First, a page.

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DNC on TV: Another late night, another day of cable controversies

Sleepy this morning? The Democratic National Convention pushed past prime time for a third night as Wednesday's most anticipated speaker, President Obama, finally took the stage at 10:53 p.m. to say that he's "more optimistic about the future of America than ever before."

Former Arizona Rep. Gabrielle Giffords spoke for tighter gun laws and said she hoped to be able to call Hillary Clinton “Madam President.”
Former Arizona Rep. Gabrielle Giffords spoke for tighter gun laws and said she hoped to be able to call Hillary Clinton “Madam President.”Read moreJESSICA GRIFFIN / Staff Photographer

Sleepy this morning?

The Democratic National Convention pushed past prime time for a third night as Wednesday's most anticipated speaker, President Obama, finally took the stage at 10:53 p.m. to say that he's "more optimistic about the future of America than ever before."

Obama followed not only his vice president, Joe Biden; former New York Mayor Michael Bloomberg; and vice presidential nominee Tim Kaine, but another day of controversy, cable-news "analysis" and time-filling, punctuated by the occasional stirring speech.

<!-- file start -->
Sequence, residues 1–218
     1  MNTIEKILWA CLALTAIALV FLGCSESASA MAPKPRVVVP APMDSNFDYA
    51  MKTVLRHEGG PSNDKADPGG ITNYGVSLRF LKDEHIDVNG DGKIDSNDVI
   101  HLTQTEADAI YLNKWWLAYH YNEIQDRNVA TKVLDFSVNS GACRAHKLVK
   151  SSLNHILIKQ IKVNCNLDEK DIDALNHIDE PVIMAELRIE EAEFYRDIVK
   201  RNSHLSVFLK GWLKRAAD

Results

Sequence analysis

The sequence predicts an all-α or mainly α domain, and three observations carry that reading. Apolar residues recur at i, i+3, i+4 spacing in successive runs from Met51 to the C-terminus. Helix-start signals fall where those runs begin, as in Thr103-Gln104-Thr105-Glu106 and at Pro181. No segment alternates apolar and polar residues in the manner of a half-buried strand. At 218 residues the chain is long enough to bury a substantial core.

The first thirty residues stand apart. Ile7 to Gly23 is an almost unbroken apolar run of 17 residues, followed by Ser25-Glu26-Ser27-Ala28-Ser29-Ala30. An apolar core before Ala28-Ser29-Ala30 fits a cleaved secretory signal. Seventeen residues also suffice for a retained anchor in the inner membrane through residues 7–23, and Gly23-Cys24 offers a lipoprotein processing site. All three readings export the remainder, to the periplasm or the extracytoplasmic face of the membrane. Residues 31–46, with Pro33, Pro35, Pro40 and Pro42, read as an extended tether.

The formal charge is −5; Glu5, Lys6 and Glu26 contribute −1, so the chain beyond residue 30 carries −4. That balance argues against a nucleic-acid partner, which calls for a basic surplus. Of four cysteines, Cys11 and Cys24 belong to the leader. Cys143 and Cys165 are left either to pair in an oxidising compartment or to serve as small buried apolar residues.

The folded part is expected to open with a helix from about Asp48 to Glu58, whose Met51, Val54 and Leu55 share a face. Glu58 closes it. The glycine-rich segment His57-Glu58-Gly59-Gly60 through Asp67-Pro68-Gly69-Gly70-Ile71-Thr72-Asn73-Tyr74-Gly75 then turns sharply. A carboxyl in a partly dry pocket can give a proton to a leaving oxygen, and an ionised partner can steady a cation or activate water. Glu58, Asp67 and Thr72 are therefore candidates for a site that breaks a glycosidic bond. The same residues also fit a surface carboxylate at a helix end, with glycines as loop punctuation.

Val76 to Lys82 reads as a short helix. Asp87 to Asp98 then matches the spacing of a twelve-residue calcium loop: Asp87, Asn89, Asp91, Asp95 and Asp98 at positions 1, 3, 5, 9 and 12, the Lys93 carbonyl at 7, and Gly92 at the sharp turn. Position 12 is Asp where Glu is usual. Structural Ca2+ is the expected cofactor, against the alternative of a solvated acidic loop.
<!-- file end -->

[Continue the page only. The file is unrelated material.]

I spent some of it watching Fox News Channel.

The Democrats may not be the home team for the network whose founder, Roger Ailes, last week stepped down amid allegations of sexual harassment, but Fox is still in there swinging.

Besides ensuring viewers don't forget Republican nominee Donald Trump - something it's hardly alone in - the cable news channel's been more focused on the unhappiness of Bernie Sanders delegates than one might expect.

Wednesday afternoon, Fox Business' Lisa "Kennedy" Montgomery had a Fox News report on Green Party presidential candidate Jill Stein, who'd come to the DNC hoping to attract disgruntled Sanders supporters to a platform that's pro-union, anti-death penalty, and likely anathema to many Fox viewers.

Kennedy seemed charmed. Anchor Shepard Smith was, as he often is, refreshingly skeptical.

"What's [Stein] screaming about? That's weird," Smith asked afterward of one clip.

"She's an interesting lady, and these are interesting times," Kennedy said.

Adding to the interesting was Trump's focus-stealing suggestion, sarcastic or not, that the Russians find Clinton's "33,000 emails," saying he'd "love to see them."

Across the opinion-heavy cable-news world, levels of indignation varied.

On MSNBC, anchor Brian Williams asked if the likelihood that Trump's candidacy wouldn't be hurt by this latest development represented the "death of outrage."

On Fox News, Brit Hume called some Democrats' reactions "a little histrionic," while Rep. Debbie Dingell, (D., Mich.) told anchor Bret Baier she considered Trump's remarks "treason."

"Smear merchants." That's what Fox News' Bill O'Reilly called critics of his widely reviled commentary on Michelle Obama's talking about waking up in a house built by slaves. O'Reilly on Tuesday had acknowledged the truth of her statement, but had talked about the slaves being "well-fed" and having "decent lodging provided by the government." I'd call it tone-deaf if I weren't sure O'Reilly knew exactly how his words would be received.